Im in central Az in the high Desert the temps often bounce from 60s to freezing and most years we don't get peaches due to frost. I have been thinking about pilling snow round some of my peach trees the next time it snows to help keeping them cooler longer after it snows would this work? I have also read that you can paint the trunks white to help delay blooming but I don't know how well it works and I hate the way it looks. Anyone have any ideas ?? TIA
Leah miller wrote:Im in central Az in the high Desert the temps often bounce from 60s to freezing and most years we don't get peaches due to frost. I have been thinking about pilling snow round some of my peach trees the next time it snows to help keeping them cooler longer after it snows would this work? I have also read that you can paint the trunks white to help delay blooming but I don't know how well it works and I hate the way it looks. Anyone have any ideas ?? TIA
In Peter Bane's book "The Permaculture Handbook" he does mention piling snow at the base of the tree. Supposedly this works because soil temperature is one of the primary variables influencing when flowers bloom. Snow around here is rarer than hens' teeth so I have no idea if it actually works. Would love to hear if you have any success with it since my SO and I are planning to move to New England next year. He also suggests that you might consider planting tree species prone to this problem on the north side of your house. Ideally just far enough away that most of the canopy is in sun while the base is still in the shade until after the danger of frost has passed. Won't do you much good with your existing trees, though.
Today I will do what others won't, so tomorrow I can do what others can't.
The idea of painting the trunks is to reflect light and heat but IMO it is ulgy. They paint the trunks of citrus trees in the valley to reflect light and protect the tress from burning. I'm going to try grafting the intrepid peach to see how it does according to grower "Tree blooms late to avoid spring frost zaps and can withstand freezing temperatures at half- to full-bloom with minimal damage. Also disease-resistant to bacterial leaf spot. Freestone. Ripens in mid August. Self-pollinating." Clinton I plant the later blooming apples and my husband who has been here his whole life says that were almost guaranteed an apple crop. Thanks for the article John. If it snows again I will try the piles and report if it works.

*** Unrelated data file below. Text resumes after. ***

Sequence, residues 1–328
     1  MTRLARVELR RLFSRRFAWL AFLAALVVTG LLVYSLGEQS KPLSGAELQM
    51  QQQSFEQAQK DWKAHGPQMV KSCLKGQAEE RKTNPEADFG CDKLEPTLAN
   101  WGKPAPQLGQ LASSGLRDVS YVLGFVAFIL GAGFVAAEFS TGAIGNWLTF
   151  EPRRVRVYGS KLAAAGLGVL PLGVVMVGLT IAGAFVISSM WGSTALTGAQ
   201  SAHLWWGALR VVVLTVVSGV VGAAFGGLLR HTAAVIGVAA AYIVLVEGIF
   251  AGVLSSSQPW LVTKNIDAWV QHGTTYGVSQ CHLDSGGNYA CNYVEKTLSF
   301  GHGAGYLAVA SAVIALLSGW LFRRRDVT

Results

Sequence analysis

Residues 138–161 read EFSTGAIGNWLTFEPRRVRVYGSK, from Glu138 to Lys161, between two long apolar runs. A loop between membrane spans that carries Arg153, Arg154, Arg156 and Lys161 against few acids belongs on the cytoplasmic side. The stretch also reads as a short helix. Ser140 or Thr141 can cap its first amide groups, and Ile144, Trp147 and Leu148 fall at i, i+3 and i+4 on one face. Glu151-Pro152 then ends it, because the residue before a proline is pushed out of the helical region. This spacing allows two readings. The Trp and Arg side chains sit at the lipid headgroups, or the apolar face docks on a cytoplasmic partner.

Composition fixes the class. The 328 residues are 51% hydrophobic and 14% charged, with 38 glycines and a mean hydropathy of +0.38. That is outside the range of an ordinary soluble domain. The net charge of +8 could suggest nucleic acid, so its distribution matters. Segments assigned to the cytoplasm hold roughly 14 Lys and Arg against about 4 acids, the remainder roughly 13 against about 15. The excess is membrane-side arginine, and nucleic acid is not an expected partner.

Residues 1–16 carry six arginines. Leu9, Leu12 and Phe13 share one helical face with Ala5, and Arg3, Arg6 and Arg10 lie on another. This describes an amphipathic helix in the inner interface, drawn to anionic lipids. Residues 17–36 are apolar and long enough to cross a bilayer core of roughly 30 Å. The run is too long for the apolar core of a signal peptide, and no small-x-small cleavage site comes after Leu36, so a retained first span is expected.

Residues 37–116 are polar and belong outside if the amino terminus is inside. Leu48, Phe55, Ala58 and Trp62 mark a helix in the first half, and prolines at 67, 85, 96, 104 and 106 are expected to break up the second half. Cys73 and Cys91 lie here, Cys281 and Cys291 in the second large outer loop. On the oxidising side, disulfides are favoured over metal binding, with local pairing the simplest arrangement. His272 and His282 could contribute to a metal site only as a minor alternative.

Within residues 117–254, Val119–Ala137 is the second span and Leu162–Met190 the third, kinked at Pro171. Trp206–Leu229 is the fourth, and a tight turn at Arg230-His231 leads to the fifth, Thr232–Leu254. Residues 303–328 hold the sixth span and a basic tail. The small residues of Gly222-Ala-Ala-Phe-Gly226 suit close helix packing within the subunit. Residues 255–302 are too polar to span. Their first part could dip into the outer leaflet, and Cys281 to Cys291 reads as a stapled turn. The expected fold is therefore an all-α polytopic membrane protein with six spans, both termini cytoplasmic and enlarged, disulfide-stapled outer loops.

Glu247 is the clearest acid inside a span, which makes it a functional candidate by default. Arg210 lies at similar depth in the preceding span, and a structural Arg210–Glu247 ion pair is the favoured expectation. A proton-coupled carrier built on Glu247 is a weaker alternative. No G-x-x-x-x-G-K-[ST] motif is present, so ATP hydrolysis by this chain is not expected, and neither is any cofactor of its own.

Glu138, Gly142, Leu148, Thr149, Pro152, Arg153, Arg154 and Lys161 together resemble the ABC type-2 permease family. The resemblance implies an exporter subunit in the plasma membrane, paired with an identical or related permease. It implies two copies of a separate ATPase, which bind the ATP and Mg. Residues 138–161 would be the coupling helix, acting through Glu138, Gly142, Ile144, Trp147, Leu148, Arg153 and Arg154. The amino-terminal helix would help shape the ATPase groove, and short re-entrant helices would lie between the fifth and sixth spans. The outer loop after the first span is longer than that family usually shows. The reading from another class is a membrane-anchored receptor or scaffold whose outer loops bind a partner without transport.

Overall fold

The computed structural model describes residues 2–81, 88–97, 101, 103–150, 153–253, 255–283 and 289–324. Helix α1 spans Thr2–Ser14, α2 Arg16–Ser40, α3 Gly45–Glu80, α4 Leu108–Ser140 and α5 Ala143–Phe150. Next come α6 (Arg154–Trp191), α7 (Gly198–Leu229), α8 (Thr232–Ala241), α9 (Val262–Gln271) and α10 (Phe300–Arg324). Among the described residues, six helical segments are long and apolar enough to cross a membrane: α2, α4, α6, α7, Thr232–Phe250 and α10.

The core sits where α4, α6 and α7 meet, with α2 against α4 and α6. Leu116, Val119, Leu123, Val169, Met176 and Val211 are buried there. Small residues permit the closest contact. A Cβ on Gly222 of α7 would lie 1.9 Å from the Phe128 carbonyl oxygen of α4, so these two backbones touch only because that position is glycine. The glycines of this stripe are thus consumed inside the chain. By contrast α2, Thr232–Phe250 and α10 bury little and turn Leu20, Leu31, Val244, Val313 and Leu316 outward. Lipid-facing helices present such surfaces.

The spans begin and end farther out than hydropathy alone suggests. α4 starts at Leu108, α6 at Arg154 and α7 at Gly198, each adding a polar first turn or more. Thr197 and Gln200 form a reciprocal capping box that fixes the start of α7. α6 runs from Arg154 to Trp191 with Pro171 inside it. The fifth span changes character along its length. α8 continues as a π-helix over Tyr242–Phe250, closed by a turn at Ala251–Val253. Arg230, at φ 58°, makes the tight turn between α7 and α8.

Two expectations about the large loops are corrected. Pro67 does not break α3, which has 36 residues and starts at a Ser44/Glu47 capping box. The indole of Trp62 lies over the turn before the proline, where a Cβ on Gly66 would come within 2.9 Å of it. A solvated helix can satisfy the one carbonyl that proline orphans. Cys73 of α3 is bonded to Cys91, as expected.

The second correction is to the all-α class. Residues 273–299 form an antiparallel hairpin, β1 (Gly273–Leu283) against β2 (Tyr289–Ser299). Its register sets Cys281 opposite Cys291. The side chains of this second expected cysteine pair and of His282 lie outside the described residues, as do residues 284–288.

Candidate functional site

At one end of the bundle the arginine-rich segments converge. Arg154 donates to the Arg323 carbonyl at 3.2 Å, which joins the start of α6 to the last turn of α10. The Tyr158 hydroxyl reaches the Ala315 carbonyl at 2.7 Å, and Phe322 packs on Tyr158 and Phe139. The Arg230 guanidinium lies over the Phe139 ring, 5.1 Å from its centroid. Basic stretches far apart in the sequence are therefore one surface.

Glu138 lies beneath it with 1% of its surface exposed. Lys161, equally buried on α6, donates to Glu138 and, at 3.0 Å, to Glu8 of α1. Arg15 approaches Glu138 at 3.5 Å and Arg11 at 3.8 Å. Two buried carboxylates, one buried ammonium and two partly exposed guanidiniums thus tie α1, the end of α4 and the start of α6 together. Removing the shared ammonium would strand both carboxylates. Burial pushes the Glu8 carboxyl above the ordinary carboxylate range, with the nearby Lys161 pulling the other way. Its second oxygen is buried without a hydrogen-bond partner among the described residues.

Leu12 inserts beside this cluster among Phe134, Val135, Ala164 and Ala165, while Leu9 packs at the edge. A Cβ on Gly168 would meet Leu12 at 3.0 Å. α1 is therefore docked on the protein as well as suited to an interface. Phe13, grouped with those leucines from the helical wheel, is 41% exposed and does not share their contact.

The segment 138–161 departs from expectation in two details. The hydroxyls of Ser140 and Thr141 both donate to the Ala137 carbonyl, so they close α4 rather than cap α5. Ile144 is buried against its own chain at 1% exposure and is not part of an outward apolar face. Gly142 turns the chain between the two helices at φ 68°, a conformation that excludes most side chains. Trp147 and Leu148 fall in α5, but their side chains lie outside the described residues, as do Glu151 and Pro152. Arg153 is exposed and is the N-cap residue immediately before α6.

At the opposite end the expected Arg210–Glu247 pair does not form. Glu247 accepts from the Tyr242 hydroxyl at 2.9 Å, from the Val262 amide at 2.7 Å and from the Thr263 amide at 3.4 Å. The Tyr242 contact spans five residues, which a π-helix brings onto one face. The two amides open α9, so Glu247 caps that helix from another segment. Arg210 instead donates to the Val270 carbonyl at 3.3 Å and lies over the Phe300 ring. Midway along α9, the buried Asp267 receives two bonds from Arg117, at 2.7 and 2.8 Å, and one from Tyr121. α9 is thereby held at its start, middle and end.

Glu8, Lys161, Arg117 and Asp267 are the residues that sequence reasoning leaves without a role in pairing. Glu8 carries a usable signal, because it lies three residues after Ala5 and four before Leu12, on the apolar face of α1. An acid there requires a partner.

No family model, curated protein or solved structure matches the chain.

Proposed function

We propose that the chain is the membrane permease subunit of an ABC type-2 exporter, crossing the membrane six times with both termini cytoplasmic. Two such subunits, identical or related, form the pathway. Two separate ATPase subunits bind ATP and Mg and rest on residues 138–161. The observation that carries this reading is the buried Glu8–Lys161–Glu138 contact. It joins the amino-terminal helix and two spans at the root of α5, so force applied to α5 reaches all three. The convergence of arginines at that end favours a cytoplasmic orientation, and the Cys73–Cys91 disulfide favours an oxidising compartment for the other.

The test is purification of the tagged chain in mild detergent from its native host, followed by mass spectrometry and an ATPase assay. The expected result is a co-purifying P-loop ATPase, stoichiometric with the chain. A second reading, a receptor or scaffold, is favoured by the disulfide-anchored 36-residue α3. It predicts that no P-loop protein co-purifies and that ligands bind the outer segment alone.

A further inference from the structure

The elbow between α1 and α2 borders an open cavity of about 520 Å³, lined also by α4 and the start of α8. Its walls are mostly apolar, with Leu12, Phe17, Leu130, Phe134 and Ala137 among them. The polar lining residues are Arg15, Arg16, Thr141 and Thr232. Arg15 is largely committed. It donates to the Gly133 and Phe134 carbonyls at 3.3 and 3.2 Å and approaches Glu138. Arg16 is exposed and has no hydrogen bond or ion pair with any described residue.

Clinton Caffrey wrote:I am also in central AZ and I am planing on grafting on later blooming varieties of apples to see if that helps get more flowers past the frost.
Which varieties of apples do you plan on using? I'm finding it difficult to find information on when trees actually bloom. I'm planning on making an order from St Lawrence nursery soon.
I'm in AZ too, at 7300'. Would love to try the snow idea, if we get any more snow, and if the snow actually sticks around.
Reading that white paper, it indicates that it is root zone temperature which will affect bud break and bloom the most. That means the snow pile method would work on the root zone and not just up against the trunk. If you get snow, you probably want to insulate it from the weather to reduce it's melt rate. The best method I can think of to do that is to just use a good covering of straw or sawdust, like they used to do in the old ice houses to keep ice through the summer. Admittedly they started with ice, but I'm figuring that would translate to snow fairly well. I'm going to try that with my little orchard and see what we get. I have a couple of trees that are the same as the ones nearby, one gets a good straw covering and the other just gets the usual.